Date of Conferral

2016

Degree

Ph.D.

School

Public Health

Advisor

Cheryl L. Anderson

Abstract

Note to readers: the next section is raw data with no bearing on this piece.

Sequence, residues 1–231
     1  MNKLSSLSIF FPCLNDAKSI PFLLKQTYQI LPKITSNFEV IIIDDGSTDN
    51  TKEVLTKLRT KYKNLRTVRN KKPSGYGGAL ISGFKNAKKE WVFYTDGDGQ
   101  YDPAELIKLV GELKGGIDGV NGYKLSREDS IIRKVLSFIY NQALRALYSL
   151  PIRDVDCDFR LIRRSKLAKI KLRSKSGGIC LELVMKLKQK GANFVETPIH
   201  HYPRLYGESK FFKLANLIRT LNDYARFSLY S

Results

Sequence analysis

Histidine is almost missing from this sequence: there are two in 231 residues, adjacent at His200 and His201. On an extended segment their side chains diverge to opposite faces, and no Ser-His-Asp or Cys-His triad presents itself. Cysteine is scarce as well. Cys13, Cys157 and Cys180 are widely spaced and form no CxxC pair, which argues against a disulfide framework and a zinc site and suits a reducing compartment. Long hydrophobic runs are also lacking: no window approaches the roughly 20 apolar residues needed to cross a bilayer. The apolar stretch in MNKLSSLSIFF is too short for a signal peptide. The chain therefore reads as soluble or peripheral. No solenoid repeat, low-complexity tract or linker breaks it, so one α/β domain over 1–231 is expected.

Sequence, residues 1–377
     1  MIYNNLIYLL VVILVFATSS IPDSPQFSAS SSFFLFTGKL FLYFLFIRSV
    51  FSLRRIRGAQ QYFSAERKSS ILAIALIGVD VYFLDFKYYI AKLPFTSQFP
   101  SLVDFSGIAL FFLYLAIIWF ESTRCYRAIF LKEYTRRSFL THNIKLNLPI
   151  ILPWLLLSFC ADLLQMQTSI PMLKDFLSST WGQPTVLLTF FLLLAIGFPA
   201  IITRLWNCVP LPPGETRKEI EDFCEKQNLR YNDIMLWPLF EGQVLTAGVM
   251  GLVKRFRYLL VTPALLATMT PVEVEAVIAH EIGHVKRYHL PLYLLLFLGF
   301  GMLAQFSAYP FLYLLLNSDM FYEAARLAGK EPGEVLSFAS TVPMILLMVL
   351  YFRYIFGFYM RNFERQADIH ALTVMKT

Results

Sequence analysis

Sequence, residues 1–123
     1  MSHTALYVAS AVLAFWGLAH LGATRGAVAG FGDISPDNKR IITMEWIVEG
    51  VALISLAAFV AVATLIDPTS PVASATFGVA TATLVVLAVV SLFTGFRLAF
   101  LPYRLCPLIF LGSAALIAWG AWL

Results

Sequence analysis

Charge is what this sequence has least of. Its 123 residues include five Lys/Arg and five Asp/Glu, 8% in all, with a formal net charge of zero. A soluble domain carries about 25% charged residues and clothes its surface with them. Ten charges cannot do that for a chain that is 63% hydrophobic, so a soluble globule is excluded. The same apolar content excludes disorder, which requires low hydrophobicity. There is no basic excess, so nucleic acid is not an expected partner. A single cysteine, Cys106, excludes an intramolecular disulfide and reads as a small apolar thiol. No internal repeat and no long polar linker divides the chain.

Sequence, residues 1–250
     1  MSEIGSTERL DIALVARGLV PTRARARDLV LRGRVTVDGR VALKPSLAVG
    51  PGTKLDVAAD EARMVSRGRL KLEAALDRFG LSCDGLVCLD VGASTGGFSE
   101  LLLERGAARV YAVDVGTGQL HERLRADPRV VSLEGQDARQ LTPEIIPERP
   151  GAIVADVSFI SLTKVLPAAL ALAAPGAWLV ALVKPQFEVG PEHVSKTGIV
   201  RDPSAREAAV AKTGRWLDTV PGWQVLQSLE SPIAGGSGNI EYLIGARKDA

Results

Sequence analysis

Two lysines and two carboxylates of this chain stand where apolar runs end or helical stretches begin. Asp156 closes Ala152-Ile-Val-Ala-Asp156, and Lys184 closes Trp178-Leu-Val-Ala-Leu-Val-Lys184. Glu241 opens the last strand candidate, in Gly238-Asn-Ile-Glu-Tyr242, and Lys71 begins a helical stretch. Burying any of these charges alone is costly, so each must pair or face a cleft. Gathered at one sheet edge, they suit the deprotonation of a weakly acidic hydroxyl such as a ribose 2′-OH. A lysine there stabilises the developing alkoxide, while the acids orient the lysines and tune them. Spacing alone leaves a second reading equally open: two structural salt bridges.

The role of hospitals as partners in community health improvement is changing, especially for nonprofit hospitals receiving tax exemptions in exchange for providing benefits to the community. There are examples of reported health improvement activities funded through hospitalsâ?? charitable donations, but thereâ??s a gap in the literature on the effect of policy and legislation on hospitalsâ?? investments in community building activities that address the social determinants of health. Grounded in eco-social theory, this quantitative, correlational study compared secondary data from CAâ??s nonprofit hospitalsâ?? annual 2009 and 2012 reports to determine what, if any, changes have occurred in the hospitalsâ?? investments in community building since the 2010 implementation of the IRSâ?? new community benefit standard. Matched-pair t test and chi-square goodness of fit tests were used to determine if there is a relationship between IRS regulations and how hospitals distribute their charitable dollars. Independent sample t test and ANOVA were run to determine if the characteristics of the hospitals studied were predictive of the changes found. Aside from a shift in the distribution of community building investments by types of activities, this study found no significant change in the use of nonprofit hospitalsâ?? community benefit funds to address the social determinants of health. Analysis did not indicate that current public policy supports hospitalsâ?? shift from sick-care institutions to institutions that promote population health. Rather, it revealed that CAâ??s hospitals currently make only small financial contributions to activities that address the social determinants of health missing opportunities to leverage their resources to more effectively impact multi-sector efforts to improve population health and reduce health inequities.

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